Home » Technology » Qualcomm’s First PC Chip Code Named Hamoa Surfaced

Qualcomm’s First PC Chip Code Named Hamoa Surfaced

Qualcomm’s first real PC chip is starting to take shape. A new leak for the SoC, which is being developed under the code name “Hamoa”, now reveals details such as the clock rate of the chip, which is equipped with a total of twelve computing cores and is intended to scare Apple.

The developer and reverse engineer Kuba Wojciechowski has once again published extensive information on Twitter about the first commercial chip that the team at the start-up Nuvia, which Qualcomm acquired a few years ago, is developing. The chip, touted as the answer to Apple’s M-Series SoCs, could finally make Windows on ARM devices a viable alternative.

Up to 3.4 gigahertz maximum clock rate
According to earlier reports, the SC8380’s 12 cores, as the model number of the “Hamoa” SoC reads, should work at up to 3.4 gigahertz, according to Wojciechowski’s information. Four of the cores will run as “Efficient” cores with a maximum of 2.5 gigahertz, while the other eight can reach the peak clock of around 3.4 GHz.

Three blocks of four CPU cores each are used, each with 12 megabytes of shared L2 cache. In addition, there is a whole eight megabytes of L3 cache, which all cores use together. There is also 12 megabytes of system-level cache and another four megabytes of cache for graphics tasks.

Up to 64 gigabytes of RAM possible
According to Wojciechowski, “Hamoa” supports up to 64 gigabytes of 8-channel LPDDR5x RAM, which can use “additional low-power features” and is said to run at up to 4200 megahertz. The chip’s graphics unit is the Adreno 740, which is also used in the current Qualcomm Snapdragon 8 Gen 2 for smartphones. Qualcomm reportedly wants to offer support for DirectX 12, Vulkan 1.3, OpenCL and DirectML.

Since the mobile GPU from the Snapdragon 8 Gen 2 in the SC8380 is probably not sufficient for demanding graphics display in desktop operation, the “Hamoa” SoC in the 12-core version also has eight PCIe 4.0 lanes, via which an additional graphics card is connected can be used. According to Wojciechowski, it can be assumed that

PC-typical support for various connections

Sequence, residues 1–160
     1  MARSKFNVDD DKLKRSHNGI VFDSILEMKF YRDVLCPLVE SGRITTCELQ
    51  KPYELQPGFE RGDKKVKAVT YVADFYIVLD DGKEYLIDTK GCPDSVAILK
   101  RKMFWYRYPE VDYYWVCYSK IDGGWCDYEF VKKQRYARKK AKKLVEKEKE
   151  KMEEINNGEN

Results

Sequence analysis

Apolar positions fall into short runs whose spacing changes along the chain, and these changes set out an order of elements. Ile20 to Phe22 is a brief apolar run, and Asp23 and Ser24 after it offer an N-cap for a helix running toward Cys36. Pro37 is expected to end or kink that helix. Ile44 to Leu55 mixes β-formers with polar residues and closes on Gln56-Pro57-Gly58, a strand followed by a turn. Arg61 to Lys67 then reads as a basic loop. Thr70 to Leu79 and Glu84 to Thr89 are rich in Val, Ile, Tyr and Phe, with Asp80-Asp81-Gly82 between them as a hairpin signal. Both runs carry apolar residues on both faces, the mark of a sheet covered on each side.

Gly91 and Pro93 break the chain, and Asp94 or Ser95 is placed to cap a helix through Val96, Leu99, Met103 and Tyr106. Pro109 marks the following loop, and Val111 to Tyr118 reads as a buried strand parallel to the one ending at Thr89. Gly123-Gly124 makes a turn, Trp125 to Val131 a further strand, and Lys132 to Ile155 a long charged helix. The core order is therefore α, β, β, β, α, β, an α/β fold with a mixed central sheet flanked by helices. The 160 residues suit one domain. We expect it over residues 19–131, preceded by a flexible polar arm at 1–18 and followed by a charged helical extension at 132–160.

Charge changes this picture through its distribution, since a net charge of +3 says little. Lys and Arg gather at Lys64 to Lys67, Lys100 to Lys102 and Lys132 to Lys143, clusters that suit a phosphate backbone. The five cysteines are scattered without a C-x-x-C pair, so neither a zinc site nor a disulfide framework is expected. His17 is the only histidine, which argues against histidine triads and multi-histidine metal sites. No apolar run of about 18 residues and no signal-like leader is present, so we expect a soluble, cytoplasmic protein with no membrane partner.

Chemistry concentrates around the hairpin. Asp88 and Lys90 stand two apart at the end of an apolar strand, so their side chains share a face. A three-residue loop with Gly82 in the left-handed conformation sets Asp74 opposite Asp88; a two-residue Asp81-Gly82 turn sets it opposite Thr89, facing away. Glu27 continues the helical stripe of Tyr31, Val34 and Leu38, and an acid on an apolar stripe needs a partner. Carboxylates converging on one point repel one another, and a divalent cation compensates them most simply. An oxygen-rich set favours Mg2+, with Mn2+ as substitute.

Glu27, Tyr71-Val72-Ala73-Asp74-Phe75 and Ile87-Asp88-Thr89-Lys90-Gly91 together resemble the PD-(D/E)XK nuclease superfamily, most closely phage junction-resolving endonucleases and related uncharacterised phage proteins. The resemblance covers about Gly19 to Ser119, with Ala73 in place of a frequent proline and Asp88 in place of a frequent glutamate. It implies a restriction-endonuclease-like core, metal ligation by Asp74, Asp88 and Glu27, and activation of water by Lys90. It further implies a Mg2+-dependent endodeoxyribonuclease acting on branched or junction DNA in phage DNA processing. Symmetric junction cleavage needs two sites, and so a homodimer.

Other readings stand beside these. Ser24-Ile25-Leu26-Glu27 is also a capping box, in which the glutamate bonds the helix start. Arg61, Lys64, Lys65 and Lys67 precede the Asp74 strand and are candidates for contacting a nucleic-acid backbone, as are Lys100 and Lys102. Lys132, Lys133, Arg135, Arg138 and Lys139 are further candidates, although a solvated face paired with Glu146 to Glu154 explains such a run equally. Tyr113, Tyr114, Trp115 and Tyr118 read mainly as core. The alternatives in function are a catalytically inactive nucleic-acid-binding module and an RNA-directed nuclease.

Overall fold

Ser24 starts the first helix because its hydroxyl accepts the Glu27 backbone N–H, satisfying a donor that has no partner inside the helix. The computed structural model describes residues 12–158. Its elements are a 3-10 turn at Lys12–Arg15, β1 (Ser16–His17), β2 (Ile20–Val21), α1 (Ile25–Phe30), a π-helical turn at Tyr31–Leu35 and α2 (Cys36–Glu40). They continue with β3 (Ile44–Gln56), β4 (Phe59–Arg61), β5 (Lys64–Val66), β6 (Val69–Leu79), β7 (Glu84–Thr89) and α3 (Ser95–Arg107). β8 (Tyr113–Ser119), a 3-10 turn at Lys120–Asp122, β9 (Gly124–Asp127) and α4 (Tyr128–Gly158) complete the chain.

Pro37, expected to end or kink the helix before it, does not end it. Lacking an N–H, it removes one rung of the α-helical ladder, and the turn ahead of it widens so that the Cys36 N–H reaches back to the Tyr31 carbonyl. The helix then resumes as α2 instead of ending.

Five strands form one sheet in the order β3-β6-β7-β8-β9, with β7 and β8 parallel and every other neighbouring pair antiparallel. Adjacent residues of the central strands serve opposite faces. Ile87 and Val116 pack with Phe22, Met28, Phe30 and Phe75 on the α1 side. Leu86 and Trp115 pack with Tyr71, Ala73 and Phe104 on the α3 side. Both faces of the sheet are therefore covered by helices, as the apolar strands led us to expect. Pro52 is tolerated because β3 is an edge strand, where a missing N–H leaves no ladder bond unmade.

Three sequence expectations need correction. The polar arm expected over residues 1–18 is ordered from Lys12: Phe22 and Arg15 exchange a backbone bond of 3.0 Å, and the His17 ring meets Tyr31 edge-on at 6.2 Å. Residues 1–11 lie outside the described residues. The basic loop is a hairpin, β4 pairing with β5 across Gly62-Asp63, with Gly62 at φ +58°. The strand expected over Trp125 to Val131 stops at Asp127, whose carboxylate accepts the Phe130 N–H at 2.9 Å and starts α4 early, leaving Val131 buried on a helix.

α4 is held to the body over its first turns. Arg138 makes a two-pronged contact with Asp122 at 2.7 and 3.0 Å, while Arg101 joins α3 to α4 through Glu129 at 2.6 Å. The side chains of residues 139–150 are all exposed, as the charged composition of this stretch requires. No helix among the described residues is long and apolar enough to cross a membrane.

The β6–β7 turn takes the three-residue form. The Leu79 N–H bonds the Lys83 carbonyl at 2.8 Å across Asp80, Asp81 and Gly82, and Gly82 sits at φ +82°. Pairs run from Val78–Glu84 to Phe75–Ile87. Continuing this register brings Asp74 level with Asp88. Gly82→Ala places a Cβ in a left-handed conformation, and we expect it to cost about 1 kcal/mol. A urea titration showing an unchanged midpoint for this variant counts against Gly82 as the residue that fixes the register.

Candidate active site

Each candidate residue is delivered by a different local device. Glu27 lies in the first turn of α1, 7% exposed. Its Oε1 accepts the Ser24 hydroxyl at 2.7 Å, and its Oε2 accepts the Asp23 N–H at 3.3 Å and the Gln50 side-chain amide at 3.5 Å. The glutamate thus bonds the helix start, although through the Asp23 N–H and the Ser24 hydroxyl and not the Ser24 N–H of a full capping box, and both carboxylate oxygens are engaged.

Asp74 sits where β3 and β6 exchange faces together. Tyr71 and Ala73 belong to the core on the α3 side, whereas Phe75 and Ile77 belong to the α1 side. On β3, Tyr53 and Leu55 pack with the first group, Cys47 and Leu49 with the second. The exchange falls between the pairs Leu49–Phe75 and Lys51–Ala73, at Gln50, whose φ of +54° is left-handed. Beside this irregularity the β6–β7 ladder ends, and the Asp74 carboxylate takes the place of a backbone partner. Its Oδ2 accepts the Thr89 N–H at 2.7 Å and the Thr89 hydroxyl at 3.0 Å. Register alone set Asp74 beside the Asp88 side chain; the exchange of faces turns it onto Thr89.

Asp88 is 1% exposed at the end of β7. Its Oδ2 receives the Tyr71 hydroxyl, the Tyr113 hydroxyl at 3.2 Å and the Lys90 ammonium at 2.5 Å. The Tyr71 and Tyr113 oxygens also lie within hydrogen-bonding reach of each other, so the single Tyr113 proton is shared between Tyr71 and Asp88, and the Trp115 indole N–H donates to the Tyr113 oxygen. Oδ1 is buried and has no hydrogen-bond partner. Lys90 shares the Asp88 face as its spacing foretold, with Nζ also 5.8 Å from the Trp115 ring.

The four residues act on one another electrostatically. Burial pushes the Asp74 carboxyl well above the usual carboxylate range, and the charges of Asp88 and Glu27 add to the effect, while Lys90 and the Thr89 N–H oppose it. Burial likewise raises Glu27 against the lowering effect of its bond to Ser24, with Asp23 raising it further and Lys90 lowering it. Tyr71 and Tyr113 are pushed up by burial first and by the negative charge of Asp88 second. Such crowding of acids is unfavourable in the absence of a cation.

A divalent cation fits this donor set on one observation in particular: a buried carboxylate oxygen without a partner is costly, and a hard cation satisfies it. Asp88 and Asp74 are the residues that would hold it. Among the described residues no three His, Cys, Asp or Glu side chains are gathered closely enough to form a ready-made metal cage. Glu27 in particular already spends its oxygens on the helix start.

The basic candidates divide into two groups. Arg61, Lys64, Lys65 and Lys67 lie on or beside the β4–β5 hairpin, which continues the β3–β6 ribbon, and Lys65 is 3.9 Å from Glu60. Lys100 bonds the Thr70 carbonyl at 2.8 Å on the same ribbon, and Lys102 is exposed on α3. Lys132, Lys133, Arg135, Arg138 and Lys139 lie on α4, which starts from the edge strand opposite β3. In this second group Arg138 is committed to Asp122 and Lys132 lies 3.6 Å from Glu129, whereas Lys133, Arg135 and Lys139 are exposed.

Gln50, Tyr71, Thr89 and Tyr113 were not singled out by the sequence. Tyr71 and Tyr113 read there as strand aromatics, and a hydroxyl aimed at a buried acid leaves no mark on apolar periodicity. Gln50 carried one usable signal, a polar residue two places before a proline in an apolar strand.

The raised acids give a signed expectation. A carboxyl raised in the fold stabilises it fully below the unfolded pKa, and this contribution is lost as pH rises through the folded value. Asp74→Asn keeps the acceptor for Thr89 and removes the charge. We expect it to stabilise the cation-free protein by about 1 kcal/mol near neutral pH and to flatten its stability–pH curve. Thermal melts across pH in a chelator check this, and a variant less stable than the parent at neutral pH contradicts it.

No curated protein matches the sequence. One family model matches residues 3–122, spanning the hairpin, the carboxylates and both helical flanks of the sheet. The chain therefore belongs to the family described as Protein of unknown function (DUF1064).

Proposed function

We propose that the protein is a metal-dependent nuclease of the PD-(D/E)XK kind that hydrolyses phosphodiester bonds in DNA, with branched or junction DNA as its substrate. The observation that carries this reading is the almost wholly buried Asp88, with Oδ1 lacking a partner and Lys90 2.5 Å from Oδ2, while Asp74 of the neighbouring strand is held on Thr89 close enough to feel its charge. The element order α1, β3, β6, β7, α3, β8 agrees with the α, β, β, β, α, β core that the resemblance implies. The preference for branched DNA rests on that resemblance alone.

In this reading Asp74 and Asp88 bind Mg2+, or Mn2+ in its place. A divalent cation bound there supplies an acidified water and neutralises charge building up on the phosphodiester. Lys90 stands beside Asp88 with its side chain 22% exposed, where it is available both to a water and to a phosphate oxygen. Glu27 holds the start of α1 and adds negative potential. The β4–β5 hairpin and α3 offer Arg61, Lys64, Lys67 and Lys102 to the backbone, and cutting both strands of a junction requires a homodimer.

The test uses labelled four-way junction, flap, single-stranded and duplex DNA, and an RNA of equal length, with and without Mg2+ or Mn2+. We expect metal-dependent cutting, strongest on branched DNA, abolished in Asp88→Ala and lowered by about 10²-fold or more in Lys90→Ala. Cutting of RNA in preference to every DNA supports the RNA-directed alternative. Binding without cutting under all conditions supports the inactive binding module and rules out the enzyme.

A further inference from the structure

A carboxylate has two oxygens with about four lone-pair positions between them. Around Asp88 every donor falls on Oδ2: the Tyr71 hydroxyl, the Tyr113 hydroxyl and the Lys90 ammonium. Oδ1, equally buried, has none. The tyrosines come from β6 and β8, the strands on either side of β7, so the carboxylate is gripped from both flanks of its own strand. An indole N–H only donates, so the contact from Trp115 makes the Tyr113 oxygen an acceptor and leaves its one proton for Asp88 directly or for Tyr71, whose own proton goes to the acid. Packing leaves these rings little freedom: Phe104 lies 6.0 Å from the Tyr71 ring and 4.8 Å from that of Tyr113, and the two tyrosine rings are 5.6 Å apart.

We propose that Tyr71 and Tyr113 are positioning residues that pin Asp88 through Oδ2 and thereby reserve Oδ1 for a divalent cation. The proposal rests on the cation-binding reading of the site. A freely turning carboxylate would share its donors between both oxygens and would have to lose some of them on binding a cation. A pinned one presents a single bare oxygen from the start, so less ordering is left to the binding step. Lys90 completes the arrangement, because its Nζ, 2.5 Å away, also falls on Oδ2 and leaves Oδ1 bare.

Also on board are allegedly four PCIe 4.0 lanes for NVMe SSDs that can also be configured as 2×2, as well as some PCIe 3.0 lanes for the use of external WLAN and mobile network cards. The SoC itself also comes with support for WiFi 7 ex works, although Qualcomm recommends using an external cellular modem such as the Snapdragon X65 for 5G Internet.

Qualcomm also gives its new desktop SoC a UFS 4.0 controller with support for SSDs of up to one terabyte. There is also a Hexagon Tensor processor that has been greatly improved in terms of performance, which is said to deliver significantly more power for AI tasks.

In order to make the new SoC usable for use in PCs and laptops, Qualcomm also integrates the option of connecting various external devices. Up to two USB 3.1 10 Gpbs ports and three Thunderbolt 4 capable USB 4 ports including DisplayPort 1.4a support. In this way, various external displays can be connected, whereby up to one 5K and two 4K panels can be addressed at the same time.

It will be a while before we find “Hamoa” in finished devices, even though Qualcomm recently spoke of the availability of the first devices in 2023 when presenting the custom computing cores used here with the marketing name “Oryon”. In view of the high prices of laptops with the current Snapdragon 8cx Gen 3, however, it is to be feared that the finished devices that will then appear will be anything but cheap.

Ron Harold

It has been a long time since I joined Research Snipers. Though I have been working as a part-time tech-news writer, it feels good to be part of the team. Besides that, I am building a finance-based blog, working as a freelance content writer/blogger, and a video editor.

Leave a Reply